We headed down to the beach on Friday with some of our best friends and Leah in tow. The pre-race jitters were approaching as we got closer and closer. We headed straight for the expo so I could pick up my race packet...then we headed to our hotel. I had to get up pretty early the next day...race time was at 6:30am so we ate dinner and then it was time for bed. I woke up the next day pretty pumped. My adrenaline was high and I was ready to go! Adam and I met my Dad and Suzanne at the start where we got warmed up.
Adam and I before the start.
Juicin' up :)
I'm probably thinking, "are you sure about this...?"
Last hug before the gun.
The gun went off at precisely 6:30am for the runners to start. The first couple of miles were great. The info I'm about to share with you might be TMI for some of you, so if you don't want to hear it, skip to the next paragraph. There were portajons starting at mile 1 and let me tell you the lines were longer than you could imagine. If you wanted anywhere near a good time, you were not standing in a line. So, at about mile 2 I had to make a pit stop (it was all the nerves). So I quickly ran behind a bush and was back on the course in no time. My Dad always said, "you're not really a true marathon-er if you've never ducked behind a bush". So...I guess I'm a true marathon-er!
Anyways, miles 3, 4, 5, 6, and 7 were going great! Adam and the crew (Suzanne, Sarah, Jeremy, and Leah) were all waiting for us at about mile 8 for some much needed support and fuel. We saw them and stopped to grab some gatorade and kisses from Leah. Let me tell you, seeing them was like a dream come true!
We were off again. Can I just take a minute and say how proud I was of my husband? He was the best supporter ever! Everytime I saw him he had a gatorade and a water in one hand and a banana in the other. Great job baby.
So miles 9, 10, and 11 were good. We were coming up on mile 12 and passed the point where the half-marathon-ers turned off to finish and the crazy ones kept going. That was pretty brutal for me...physically and mentally. But we kept truckin on. The next time we met up with the crew was at mile 16. Adam had everything ready for my Dad and I...it was kind of like a buffet now that I think about it! Bananas, Gatorade, water, body glide...what more could you need? Sarah was Leah's 2nd mom that day. She was great and I love her.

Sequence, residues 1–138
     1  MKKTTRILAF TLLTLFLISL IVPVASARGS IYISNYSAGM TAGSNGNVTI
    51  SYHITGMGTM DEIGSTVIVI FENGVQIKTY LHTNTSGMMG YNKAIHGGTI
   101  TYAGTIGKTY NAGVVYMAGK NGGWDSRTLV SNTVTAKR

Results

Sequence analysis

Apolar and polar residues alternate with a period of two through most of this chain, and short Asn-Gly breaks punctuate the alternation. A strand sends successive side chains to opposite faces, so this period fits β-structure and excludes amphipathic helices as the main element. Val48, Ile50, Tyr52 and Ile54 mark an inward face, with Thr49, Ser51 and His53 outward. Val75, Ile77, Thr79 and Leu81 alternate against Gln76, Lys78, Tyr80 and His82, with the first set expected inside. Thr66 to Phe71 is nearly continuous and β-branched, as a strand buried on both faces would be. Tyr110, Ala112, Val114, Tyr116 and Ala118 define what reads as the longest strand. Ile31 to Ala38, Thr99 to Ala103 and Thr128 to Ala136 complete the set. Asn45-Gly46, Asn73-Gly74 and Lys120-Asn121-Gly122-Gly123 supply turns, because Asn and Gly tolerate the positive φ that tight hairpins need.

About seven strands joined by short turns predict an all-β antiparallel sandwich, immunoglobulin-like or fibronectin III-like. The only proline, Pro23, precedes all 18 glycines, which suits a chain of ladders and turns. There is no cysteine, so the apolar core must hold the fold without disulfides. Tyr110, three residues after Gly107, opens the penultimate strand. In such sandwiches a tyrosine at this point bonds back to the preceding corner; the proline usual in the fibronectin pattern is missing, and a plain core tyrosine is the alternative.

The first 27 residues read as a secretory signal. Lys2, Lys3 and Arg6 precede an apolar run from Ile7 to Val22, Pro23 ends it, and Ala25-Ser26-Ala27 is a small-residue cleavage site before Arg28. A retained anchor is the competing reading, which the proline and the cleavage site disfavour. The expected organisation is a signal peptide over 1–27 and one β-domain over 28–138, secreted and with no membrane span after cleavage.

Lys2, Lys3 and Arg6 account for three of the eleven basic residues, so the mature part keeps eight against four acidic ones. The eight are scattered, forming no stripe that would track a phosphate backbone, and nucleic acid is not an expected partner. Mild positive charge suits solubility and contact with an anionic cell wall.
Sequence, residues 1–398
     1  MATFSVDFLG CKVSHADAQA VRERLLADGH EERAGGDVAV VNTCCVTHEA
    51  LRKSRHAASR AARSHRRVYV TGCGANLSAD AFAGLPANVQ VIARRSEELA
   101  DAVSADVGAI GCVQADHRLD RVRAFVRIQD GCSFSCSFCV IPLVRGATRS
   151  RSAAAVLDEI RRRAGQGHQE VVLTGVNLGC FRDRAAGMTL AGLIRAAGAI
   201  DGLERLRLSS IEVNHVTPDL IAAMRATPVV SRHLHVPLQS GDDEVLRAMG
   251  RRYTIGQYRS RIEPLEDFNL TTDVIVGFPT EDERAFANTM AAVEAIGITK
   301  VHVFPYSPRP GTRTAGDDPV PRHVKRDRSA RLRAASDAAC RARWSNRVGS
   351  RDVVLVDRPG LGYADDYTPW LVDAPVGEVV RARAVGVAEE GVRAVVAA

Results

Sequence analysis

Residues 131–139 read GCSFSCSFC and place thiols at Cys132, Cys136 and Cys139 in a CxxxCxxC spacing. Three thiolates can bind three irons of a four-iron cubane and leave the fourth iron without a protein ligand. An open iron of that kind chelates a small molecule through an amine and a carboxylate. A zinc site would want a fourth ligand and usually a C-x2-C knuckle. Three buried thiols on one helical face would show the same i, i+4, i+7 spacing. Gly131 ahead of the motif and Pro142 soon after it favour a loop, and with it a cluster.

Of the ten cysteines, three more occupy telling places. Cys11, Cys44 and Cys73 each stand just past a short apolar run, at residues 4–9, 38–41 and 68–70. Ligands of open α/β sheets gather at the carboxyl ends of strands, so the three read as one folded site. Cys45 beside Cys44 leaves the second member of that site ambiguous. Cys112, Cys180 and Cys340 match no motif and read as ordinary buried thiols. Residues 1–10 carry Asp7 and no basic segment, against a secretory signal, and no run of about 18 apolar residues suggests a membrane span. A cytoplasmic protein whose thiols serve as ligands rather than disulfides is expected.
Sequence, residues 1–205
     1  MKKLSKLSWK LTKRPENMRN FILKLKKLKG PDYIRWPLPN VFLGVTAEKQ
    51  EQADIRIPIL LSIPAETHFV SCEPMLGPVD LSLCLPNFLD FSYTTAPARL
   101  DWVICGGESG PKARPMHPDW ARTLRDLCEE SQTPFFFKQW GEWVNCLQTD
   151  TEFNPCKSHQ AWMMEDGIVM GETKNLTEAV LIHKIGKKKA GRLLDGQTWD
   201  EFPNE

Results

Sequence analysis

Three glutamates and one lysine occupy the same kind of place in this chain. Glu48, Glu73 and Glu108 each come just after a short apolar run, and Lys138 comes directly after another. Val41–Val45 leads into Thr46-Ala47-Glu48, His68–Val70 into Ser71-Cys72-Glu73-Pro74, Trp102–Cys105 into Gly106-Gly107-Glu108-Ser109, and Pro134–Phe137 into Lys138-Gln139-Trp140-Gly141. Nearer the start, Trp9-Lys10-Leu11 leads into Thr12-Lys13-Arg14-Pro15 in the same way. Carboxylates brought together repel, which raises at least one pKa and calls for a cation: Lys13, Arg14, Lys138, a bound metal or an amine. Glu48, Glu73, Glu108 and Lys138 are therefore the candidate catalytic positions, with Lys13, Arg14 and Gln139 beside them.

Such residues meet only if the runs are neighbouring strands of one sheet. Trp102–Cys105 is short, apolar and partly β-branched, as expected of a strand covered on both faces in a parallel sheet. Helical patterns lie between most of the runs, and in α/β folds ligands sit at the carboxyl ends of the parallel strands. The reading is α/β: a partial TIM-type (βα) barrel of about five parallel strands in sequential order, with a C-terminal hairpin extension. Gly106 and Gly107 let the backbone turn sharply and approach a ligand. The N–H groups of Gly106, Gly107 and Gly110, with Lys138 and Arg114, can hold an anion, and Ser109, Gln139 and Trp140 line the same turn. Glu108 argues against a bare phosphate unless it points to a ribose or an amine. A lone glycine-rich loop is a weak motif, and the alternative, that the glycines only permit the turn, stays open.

And we were off again. Whenever you leave your support group along the race (especially a marathon) it kills you mentally! But I just kept counting down the miles until we saw them again.
Miles 16 and 17 were hard. The wind was killer, but luckily I had my Dad to draft behind some of the way. The scenery was beautiful...we saw the sun rising over the horizon of the water which took my mind off things for a while and saw some beautiful houses along the way. I loved that it was such a flat course, but didn't need all that wind. Mile 18 came up on us and my Dad started to get some minor cramps. He always told me during our training that he would get me to a certain point and then tell me to go on so he wouldn't hinder my potential. (Lots of life lessons to learn there...another post for another time).
So at mile 18, I was on my own.
I knew the next time I would see the crew would be at mile 23 so I was anxiously counting down every mile in anticipation of the next. Miles 19, 20, 21, and 22 were vicious. This was the point where everyone around me slowed to an exhausted walk. This was mentally draining as well. Seeing everyone around me walking and lustfully longing after that same thought...draining. I knew I had to keep going. One more mile until I saw them.
Here I am...mile 23. There they are. My amazing husband ready to give me whatever I needed. It was literally like a mirage. Is this for real? Were they really there? Did I really only have 3.2 miles to go?
Hard stuff. My Dad showed up about 8 minutes behind me.
To anyone who has ever run a marathon before you will know exactly what I'm about to say. Running the last three miles was the hardest thing I have ever done in my life. Yes, even harder than birthing a 9 lb. baby. Absolutely brutal, atrocious, horrific, dreadful, awful, horrendous and any other synonym you can think of for bad. But, I got through them (barely). Another side note: if you are a spectator (especially at a marathon)...do not EVER say, "you're almost there", "the worst is behind you", "you've only got a little more", or anything of that matter to a runner whose got more than 400 yards to finish. Please and Thank you.
So, there...I did it. I finished my very first marathon. It took me a whopping 4 hourse and 41 minutes. Pretty good for my first one, I would say.
Coming thru the finish.
No comment needed.
Hug from my little.
My main man.
Tired is an understatement.
Watching my Dad come in was a proud moment for me. He did great! Finished in under 5 hours.
PaPa with Leah.
Right about this time, the negative caloric intake, lack of hydration, exhaustion, and heat were kicking in.
I could not have done any of this without this man. He is an amazing role model for me and I have promised him that when I turn 60 years old, I have to run a marathon with my daughter. I promise, Dad.
I have to say, I have loved every last minute of this process. My dad always told me that the training was the hardest part of running a marathon and it is true. I am proud to say that I ran my first marathon with my Dad beside me from start (3 milers) to finish (20 milers). I love you dad and I am so proud to say that I ran my first marathon with you!